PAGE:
The Commons: Standing Up to Revolution
The Commons: Standing Up to Revolution

The Commons: Standing Up to Revolution

Forgiveness has the power to stop endless cycles of violence.

September 1 st 2016
Appears in Fall 2016

In 1982, after the success of the Islamic Revolution in Iran, I was arrested at the age of sixteen. I was a student who didn't like the new Islamist rules. I wanted to dance in my greenand- white polka-dot bikini on the beach with boys, but the new regime had decreed that having fun was illegal and satanic. I rebelled, was arrested, and taken to Evin Prison.

Two men tied me to a bare wooden bed, took off my socks and my shoes, and lashed the soles of my feet with a length of heavy rubber cable about an inch thick. I would have gladly sold my soul to go back home to my family. Later, I was raped. A revolutionary court I never attended called me an "anti-revolutionary" and a "corruptor of the earth."

When I think about the revolutions of history, what most of them have in common—no matter the ideology—is a terrible violence whose body count is now at tens of millions. Revolutions are usually uncontrolled explosions of rage, hatred, and fear that have accumulated under the seemingly calm surface of societies.

Within the Iranian diaspora there are many like me who have been victims of the brutalities of the Iranian regime. Many of them are brimming with hatred. They want to do to our enemies— the agents of the Islamic Republic—what they have done to us. This is a typical pattern throughout history: the victim becomes the torturer and the torturer the victim, with no end in sight.

When I say that I have forgiven my torturers, some individuals become even angrier. They yell at me, saying that we cannot forgive and forget. But they have not really listened. I have forgiven my torturers for what they have done to me. I have the authority to do that, but I do not have the authority to forgive them for what they have done to others.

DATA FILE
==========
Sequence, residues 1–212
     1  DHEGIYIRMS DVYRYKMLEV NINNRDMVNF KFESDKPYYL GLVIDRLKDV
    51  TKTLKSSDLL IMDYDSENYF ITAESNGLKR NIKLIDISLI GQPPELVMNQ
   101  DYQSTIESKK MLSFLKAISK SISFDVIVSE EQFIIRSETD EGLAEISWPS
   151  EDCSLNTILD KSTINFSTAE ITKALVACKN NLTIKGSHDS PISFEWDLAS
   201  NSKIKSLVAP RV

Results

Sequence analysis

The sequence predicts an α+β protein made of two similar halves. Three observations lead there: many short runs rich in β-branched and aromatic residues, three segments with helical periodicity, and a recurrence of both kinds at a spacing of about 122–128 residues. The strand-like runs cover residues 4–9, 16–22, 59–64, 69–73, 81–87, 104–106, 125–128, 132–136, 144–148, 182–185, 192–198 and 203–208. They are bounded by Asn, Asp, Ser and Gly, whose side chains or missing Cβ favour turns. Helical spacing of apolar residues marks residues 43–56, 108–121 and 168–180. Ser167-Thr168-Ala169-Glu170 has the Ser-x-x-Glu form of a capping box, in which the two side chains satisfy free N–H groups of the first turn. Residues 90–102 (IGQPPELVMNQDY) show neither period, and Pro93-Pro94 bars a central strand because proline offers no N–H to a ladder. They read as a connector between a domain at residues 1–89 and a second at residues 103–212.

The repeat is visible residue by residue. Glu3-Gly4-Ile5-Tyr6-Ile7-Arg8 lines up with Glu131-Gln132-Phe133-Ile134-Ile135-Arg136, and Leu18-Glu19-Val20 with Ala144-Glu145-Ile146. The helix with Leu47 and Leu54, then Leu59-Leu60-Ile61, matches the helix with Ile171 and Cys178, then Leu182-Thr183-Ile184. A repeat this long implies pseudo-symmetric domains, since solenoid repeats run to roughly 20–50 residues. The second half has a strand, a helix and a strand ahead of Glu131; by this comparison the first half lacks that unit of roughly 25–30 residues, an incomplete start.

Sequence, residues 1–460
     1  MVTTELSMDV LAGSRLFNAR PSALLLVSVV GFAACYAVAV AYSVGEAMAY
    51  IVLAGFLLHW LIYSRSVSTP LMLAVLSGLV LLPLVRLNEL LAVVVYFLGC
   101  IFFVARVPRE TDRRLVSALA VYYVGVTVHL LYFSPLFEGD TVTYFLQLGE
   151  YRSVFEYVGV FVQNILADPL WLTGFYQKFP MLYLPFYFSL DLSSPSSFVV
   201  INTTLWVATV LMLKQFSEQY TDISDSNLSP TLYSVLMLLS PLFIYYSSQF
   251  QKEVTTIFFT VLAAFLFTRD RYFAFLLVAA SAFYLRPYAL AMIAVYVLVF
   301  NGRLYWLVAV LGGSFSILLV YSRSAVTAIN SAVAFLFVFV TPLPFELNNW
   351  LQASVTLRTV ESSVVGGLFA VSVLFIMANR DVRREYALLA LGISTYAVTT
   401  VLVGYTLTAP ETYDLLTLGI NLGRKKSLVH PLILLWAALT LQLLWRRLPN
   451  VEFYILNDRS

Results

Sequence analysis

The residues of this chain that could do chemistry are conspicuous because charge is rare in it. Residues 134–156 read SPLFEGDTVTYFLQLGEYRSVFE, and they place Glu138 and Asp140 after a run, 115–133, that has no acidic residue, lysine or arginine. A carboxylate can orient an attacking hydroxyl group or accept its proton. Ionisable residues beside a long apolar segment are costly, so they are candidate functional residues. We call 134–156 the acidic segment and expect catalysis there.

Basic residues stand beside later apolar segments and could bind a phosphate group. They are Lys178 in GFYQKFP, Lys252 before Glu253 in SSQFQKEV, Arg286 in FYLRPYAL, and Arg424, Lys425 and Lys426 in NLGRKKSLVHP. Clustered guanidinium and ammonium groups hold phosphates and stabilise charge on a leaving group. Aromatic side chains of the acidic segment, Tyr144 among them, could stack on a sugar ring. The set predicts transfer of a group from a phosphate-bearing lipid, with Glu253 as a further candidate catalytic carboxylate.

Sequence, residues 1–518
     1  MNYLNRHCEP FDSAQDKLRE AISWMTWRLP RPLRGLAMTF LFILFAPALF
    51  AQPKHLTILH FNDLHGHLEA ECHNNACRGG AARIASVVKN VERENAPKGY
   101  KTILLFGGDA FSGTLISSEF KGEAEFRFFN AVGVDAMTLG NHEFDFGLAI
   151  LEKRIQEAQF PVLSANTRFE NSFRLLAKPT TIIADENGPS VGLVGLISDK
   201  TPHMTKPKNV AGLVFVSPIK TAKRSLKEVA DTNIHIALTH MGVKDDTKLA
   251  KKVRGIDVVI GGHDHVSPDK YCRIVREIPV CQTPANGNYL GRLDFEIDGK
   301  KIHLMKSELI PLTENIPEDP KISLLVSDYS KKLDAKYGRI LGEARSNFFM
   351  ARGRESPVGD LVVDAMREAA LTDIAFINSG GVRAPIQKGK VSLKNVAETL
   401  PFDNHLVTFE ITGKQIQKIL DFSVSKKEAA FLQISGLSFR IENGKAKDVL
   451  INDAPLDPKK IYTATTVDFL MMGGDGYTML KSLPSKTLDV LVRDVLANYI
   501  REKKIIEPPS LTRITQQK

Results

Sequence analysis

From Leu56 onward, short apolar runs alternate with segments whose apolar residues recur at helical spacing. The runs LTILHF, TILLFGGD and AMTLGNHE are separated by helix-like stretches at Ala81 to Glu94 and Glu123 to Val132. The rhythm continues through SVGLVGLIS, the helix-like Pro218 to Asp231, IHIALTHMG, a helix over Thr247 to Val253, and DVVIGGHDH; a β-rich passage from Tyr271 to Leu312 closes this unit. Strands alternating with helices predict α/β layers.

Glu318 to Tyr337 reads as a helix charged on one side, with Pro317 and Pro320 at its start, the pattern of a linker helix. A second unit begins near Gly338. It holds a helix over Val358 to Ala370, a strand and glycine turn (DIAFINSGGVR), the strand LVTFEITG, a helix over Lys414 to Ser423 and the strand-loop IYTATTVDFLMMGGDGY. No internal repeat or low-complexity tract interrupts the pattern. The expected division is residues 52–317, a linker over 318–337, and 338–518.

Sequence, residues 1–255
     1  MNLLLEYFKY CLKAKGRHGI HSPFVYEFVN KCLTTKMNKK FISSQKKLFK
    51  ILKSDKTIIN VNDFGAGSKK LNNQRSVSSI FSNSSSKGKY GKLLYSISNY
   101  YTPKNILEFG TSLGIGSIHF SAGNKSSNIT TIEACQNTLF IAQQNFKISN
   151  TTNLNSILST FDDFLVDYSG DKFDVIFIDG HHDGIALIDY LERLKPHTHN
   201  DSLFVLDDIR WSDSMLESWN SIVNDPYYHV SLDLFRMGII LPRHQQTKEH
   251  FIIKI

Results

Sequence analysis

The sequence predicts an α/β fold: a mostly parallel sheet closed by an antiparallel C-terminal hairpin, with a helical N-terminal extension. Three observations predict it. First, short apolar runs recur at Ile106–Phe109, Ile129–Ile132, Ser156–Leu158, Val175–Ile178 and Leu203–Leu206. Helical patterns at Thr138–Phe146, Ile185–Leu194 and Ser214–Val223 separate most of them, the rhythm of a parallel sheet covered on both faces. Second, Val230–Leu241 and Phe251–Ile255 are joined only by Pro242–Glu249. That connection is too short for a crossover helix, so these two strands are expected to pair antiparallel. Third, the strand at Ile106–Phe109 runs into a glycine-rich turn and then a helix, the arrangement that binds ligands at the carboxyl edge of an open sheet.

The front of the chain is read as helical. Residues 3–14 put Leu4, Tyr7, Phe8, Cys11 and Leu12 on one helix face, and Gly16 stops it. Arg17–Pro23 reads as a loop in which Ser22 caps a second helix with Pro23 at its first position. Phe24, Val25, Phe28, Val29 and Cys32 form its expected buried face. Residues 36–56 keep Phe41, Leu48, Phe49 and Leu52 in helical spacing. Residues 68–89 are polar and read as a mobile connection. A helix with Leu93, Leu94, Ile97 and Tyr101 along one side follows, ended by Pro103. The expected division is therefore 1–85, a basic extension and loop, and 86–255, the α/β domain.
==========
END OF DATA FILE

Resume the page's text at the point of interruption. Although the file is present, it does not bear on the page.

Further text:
And I have never forgotten. I am a witness—no more, no less. I stand, unarmed, in the way of tsunamis of hatred. I speak about the destructiveness of violence and stare down those who want to kill, no matter whose side they claim to be on.

Forgiveness is the real revolution: refusing the bloodthirsty cycle that serves the lust for revenge. If some wish to call an unrelenting, brutal, and thoughtless explosion a "revolution," so be it. The real revolutionary is not the one who stays within the status quo of violence, but the one who exposes it and stands in its way.

Marina Nemat
Marina Nemat

Marina Nemat was born in 1965 in Tehran, Iran, and came to Canada in 1991. Her first memoir, Prisoner of Tehran, has been published in twenty-nine countries and her second book, After Tehran, in four. In 2007, Marina received the inaugural Human Dignity Award from the European Parliament, in 2008 the Grinzane Literary Prize in Italy, and in 2014 the Morris Abram Human Rights Award from UN Watch in Geneva. She is the co-chair of the Board of Directors at the Canadian Centre for Victims of Torture (CCVT), the chair of the Writers in Exile Committee at PEN Canada, a member of the Board of Directors at Vigdis, a Norwegian NGO that aids female prisoners of conscience, and a member of the International Council at the Oslo Freedom Forum. Marina regularly speaks at high schools, universities, and conferences around the world and teaches memoir writing at the School of Continuing Studies at University of Toronto.


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